Portland, Maine

In 1623, the first Europeans tried settling on a peninsula sheltered from the Atlantic Ocean by a large waterway filled with islets. Their failed attempt at colonization evolved into Maine’s largest city encircled by Casco Bay. Enjoy the sites, history and charm of Portland, Maine.

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1 Cruising to Portland, Maine

Approximately 100 cruise ships annually berth at the Ocean Gateway Pier in Portland, Maine. Is there anything for a day tripper to do or see in Maine’s largest city? Plenty! Explore the picturesque waterfront. Treat yourself to lobster. Hop aboard one of several sightseeing tours. Walk through the Old Port, Arts District and along historic Congress Street. Savor the scenery of Casco Bay as you stroll along the Eastern Promenade. Then visit three of Maine’s spectacular lighthouses. Before you start using this travel guide, verify when you need to be back onboard. You will need all the time you can get to fully enjoy Portland.

14 Ocean Gateway Pier, Portland, ME 04101

2 Explore the Waterfront in Portland, Maine

From the cruise terminal, begin exploring downtown Portland by walking west on Commercial Street. This main artery runs parallel to the waterfront. Most of this area caters to tourists. Several buildings have stories to tell about Portland’s history if you could only hear them whispering. The Workingmen’s Club is an example. During the Irish Potato Famine (1845 – 1852), immigrants primarily from County Galway arrived in droves. Most found laborious yet welcome work along the docks as longshoremen or for the railroad. Not surprising, they spent their off hours in taverns. From 1851 until 1856, Maine prohibited alcohol. Afterwards, the late-night carousing returned. In response, Bishop O’Connell commissioned the Workingmen’s Club. When the social environment for the Irish opened in 1905, one rule for membership was total abstinence.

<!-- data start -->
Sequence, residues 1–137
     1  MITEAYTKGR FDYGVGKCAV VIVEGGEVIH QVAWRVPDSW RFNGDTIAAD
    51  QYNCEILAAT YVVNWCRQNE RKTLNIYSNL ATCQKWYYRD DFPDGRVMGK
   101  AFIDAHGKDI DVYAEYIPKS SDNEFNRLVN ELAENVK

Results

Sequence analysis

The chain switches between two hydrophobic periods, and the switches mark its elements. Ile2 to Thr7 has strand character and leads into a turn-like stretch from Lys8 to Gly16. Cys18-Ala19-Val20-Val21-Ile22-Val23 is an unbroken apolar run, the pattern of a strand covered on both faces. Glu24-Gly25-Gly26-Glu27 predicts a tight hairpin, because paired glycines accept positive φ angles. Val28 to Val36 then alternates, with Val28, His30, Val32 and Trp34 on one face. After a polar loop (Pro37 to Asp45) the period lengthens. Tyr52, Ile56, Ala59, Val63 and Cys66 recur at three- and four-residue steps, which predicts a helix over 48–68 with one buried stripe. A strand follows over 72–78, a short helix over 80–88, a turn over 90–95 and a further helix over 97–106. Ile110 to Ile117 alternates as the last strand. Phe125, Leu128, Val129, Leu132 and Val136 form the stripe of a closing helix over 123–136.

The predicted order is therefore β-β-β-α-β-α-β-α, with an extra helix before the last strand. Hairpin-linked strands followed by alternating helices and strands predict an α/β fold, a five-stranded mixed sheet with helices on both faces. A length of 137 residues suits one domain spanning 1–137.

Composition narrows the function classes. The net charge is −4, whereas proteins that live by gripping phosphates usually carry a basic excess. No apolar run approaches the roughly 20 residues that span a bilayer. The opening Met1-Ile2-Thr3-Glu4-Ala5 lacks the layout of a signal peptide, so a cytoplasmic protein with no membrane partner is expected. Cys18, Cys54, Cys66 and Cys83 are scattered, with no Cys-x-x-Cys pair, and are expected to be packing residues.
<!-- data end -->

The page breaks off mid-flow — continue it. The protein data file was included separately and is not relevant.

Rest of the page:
21 Commercial St, Portland, ME 04101

3 Casco Bay Ferry on Waterfront in Portland, Maine

Casco Bay separates Portland from the Atlantic Ocean. The large waterway is dotted by a dozen major islands, more than 200 islets and seven lighthouses. Picturesque is just one of many appropriate superlatives. An inexpensive way to enjoy this scenery is aboard a Casco Bay Ferry at the Maine State Pier. This essential transportation of island commuters is your ticket to great coastal sightseeing. This ferry is named Aucocisco, the Abenaki word for the bay. It means “a place of herons.”

56 Commercial St, Portland, ME 04101

4 United States Custom House on Waterfront in Portland, Maine

An architectural reflection of the former importance of Portland’s seaport is the United States Custom House. The façade is clad in grey granite and features an elegant Second Empire design by architect Alfred B. Mullett. This served as the custom offices from 1872 until 2012. Unfortunately, tours are rarely available to admire the two-story central hall. The space is decorated with marble flooring and counters, walnut woodwork, ornate railings and a coffered ceiling.

312 Fore St, Portland, ME 04101

5 History of Old Port along Waterfront in Portland, Maine

The Abenaki Native Americans lived here for millenniums before Portuguese explorer Estêvão Gomez’s discovery in 1524. The next European visitor was Englishman Captain John Smith in 1614. The first of several attempts at settlement began in 1623. In 1786, the town of Portland was established. A key to growth was maritime trade because this is the closest U.S. port to Europe. The harbor’s success accelerated in 1820 when the city became the capital of the new state of Maine. A further boom occurred after 1853. That is when a railroad was connected to Montreal. Portland rapidly became the winter port serving Canada when other harbors in Atlantic Canada and the St. Lawrence River were icebound. After the 1920s, shipments at the wharfs declined and the area deteriorated. In the 1980s, a rebirth began along the waterfront and the Old Port neighborhood. That is what you are experiencing today: a blend of the historic and the new all facing Portland’s Harbor. Most of the vessels you will see are cruise ships, sightseeing tours and lobster boats like those shown here.

86 Commercial St, Portland, ME 04101

6 Sightseeing Tours on Waterfront in Portland, Maine